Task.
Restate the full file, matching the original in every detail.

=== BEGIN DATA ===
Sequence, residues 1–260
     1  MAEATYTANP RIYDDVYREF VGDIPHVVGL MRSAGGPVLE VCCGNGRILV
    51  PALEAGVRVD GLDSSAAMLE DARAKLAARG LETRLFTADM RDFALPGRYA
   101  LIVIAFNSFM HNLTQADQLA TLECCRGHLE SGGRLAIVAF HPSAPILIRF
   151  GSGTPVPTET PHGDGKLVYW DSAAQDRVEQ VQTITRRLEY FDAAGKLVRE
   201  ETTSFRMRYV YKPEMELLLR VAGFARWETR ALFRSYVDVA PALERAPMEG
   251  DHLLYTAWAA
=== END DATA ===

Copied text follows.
Sequence, residues 1–260
     1  MAEATYTANP RIYDDVYREF VGDIPHVVGL MRSAGGPVLE VCCGNGRILV
    51  PALEAGVRVD GLDSSAAMLE DARAKLAARG LETRLFTADM RDFALPGRYA
   101  LIVIAFNSFM HNLTQADQLA TLECCRGHLE SGGRLAIVAF HPSAPILIRF
   151  GSGTPVPTET PHGDGKLVYW DSAAQDRVEQ VQTITRRLEY FDAAGKLVRE
   201  ETTSFRMRYV YKPEMELLLR VAGFARWETR ALFRSYVDVA PALERAPMEG
   251  DHLLYTAWAA